Patrick: It’s that waterboarding was presented as a good thing. However squeamish it might make you, it got results. There’s just one problem with this narrative, though. It’s not true. As the senate’s seven thousand page torture report would make clear, the use of techniques like waterboarding was counterproductive and not decisive in finding Bin Laden. Senator Diane Feinstein, whose staff produced the report, walked out of Zero Dark Thirty after fifteen minutes, disgusted, she later said, because it was “so false.” A subsequent investigation by the Defense Department’s own inspector general found a surprising level of cosiness between the filmmakers and the agency. CIA Director Leon Panetta was apparently hoping he’d be played by Al Pacino. And the filmmakers asserted that their movie was historical truth, based on exclusive access to the people behind the operation. But, really, it was just propaganda. And tremendously effective propaganda, at that. The film is beautifully made, and just incredibly slick. And the most amazing thing about it, as propaganda, is that the whole thing happened out in the open. This was not some covert program. They didn’t use a foundation to camouflage what was going on, like they did with Nina Simone. Instead, they just openly assisted this Hollywood movie. 

These days, the agency has a full-time liaison to Hollywood. This is ostensibly for technical reasons. They wanna make sure movies and TV shows get the little details right. But it’s hard not to see, in this spirit of cooperation, a certain ideological agenda, too. Last year there was another movie about the torture program called “the report,” which was a little more scrupulously grounded in fact, and a lot more critical of the CIA. The agency…wasn’t involved in that one. 

There’s this amazing quote from one of the agency’s former Hollywood liaisons, this guy, Chase Brandon, “We’ve always been portrayed erroneously as evil and machiavellian,” he says. “It took us a long time to support projects that portray us in the light we want to be seen in.” It takes a certain talent to sound that machiavellian while claiming you’ve been unfairly miscast as machiavellian. 

So Rose said, maybe the CIA is still using pop music for covert propaganda. But who needs pop music when you’ve got Hollywood, which has probably the broadest cultural reach on the planet? There used to be a hit spy show on TV after 9/11 called Alias. It was produced by JJ Abrams and starred Jennifer Garner. The CIA helped out with that one.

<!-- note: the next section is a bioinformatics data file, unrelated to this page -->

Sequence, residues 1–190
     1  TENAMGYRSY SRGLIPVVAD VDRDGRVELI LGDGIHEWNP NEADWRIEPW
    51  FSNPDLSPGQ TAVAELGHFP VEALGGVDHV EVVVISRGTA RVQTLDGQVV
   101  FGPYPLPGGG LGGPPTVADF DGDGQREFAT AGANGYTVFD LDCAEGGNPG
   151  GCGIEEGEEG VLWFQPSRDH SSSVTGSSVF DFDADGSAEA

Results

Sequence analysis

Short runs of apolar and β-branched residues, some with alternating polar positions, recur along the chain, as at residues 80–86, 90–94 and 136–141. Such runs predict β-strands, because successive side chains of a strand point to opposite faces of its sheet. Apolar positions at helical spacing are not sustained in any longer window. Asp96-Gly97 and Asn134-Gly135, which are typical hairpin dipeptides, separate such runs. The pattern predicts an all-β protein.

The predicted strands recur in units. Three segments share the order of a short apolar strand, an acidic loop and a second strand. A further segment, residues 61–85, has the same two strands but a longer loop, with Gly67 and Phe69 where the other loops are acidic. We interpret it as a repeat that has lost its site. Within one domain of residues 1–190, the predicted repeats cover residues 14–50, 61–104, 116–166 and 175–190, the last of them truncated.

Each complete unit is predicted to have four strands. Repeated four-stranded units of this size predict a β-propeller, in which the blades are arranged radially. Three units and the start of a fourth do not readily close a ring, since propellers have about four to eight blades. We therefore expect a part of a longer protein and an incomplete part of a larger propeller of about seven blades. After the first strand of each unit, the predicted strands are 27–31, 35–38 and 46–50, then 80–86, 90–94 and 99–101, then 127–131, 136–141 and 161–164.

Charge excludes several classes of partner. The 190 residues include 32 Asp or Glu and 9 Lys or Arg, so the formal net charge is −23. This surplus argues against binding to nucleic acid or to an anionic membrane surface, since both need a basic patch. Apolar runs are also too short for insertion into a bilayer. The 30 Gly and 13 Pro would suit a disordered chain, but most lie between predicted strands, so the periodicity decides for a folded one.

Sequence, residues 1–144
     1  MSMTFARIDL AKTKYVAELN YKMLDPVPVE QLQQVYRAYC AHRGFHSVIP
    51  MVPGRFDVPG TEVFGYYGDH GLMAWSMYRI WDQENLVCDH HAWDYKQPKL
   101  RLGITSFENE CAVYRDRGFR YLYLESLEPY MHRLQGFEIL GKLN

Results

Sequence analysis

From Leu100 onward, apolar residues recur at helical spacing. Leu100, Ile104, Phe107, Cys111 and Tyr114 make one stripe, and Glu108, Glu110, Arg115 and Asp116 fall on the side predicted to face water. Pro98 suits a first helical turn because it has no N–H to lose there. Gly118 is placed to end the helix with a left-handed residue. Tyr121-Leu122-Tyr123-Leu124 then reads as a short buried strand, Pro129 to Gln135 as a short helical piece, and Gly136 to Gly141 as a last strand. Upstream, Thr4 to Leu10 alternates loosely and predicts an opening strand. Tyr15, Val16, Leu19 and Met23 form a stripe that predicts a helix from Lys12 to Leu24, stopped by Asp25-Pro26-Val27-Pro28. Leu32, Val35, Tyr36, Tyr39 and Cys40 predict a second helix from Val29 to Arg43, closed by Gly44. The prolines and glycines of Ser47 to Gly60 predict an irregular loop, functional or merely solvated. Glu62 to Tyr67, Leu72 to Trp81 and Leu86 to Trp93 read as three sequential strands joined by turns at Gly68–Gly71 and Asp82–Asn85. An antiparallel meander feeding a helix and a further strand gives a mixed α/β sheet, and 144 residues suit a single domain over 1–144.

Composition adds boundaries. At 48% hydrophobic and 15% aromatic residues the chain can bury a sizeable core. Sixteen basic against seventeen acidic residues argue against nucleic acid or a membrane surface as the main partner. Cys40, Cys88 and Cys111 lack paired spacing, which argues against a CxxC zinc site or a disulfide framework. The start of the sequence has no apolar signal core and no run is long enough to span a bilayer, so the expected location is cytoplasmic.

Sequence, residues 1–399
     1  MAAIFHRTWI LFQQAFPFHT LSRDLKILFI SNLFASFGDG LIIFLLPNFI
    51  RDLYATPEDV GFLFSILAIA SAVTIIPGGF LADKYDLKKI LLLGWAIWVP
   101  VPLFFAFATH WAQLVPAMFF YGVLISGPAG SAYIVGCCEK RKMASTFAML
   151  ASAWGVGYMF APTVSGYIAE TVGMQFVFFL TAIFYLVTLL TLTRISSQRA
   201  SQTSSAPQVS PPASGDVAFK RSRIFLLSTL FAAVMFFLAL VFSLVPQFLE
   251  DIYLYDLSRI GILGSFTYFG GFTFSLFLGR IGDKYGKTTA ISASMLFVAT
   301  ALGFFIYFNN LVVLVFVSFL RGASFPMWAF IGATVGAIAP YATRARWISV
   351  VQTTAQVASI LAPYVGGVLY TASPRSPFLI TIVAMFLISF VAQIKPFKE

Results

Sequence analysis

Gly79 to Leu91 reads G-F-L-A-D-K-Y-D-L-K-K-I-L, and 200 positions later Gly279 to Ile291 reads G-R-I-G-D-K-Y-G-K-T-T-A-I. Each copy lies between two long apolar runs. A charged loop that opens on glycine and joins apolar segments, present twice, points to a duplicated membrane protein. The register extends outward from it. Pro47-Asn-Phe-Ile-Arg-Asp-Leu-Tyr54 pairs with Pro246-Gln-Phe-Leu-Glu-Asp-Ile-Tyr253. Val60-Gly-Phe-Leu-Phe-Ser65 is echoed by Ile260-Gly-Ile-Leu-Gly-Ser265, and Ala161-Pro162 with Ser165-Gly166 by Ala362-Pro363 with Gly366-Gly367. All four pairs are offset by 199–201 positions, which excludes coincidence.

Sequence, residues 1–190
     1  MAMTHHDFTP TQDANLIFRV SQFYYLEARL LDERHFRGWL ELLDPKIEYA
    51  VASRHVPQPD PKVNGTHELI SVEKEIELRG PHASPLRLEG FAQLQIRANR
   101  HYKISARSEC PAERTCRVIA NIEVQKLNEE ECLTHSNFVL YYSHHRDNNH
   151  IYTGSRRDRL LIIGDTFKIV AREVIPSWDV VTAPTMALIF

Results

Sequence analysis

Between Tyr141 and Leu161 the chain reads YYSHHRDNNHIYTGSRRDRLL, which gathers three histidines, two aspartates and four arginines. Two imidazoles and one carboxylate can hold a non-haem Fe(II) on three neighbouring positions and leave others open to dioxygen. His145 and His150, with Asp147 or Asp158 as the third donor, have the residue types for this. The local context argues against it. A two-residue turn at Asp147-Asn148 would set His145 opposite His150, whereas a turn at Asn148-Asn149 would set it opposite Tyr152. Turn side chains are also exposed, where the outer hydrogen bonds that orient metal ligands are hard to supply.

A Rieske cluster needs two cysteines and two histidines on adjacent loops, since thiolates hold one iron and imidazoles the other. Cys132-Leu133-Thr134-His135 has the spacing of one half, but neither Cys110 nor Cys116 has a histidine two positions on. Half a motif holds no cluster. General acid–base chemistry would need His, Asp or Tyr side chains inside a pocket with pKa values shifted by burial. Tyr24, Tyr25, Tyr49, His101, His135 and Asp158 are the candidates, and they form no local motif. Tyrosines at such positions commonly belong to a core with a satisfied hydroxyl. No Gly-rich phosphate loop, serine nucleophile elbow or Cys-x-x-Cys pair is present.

[Audio Clip: Jennifer Garner promo]

Patrick: And here’s garner, in a recruitment video for the agency.

[Audio Clip: Jennifer Garner promo: “In the real world, the CIA serves as this country’s first line of defense against international terrorism…] 

Patrick: Of course, when I started thinking about this stuff, I thought of Argo, too. I’d been so focused on Argo as an example of the agency secretly collaborating with entertainers but what about Argo itself – Argo the 2013 movie that won three Oscars and made two hundred and thirty million dollars. It’s amazing to suddenly realize that I’ve been basing one piece of my reasoning in this investigation on what was, in effect, itself a piece of CIA propaganda. Think back to what Jonna Mendez told me about why the Argo story was declassified in the first place. 

Jonna: The story of Argo was, uh, was George Tenet’s idea to put out one good story, just one. 

Patrick: Listen to a song. Go to a movie. Turn on the TV. You don’t think you’re on the receiving end of messaging – carefully devised and calibrated messaging. And even if we do know, in some conscious way, it’s easier, maybe, to put it out of mind. I mean Argo was a good movie. Kinda takes the fun out of it to think the person who set the whole thing in motion might’ve been CIA Director George Tenet. 

When I’d been working on this podcast for months, I played the first few episodes for a friend of mine, and he said, “This is such a great story, that the CIA might have written Wind of Change but this rumor you’ve been chasing – did you ever think it might have been put out there in the first place by the CIA? I mean this podcast makes ‘em look pretty brilliant, doesn’t it? So who’s making propaganda now?”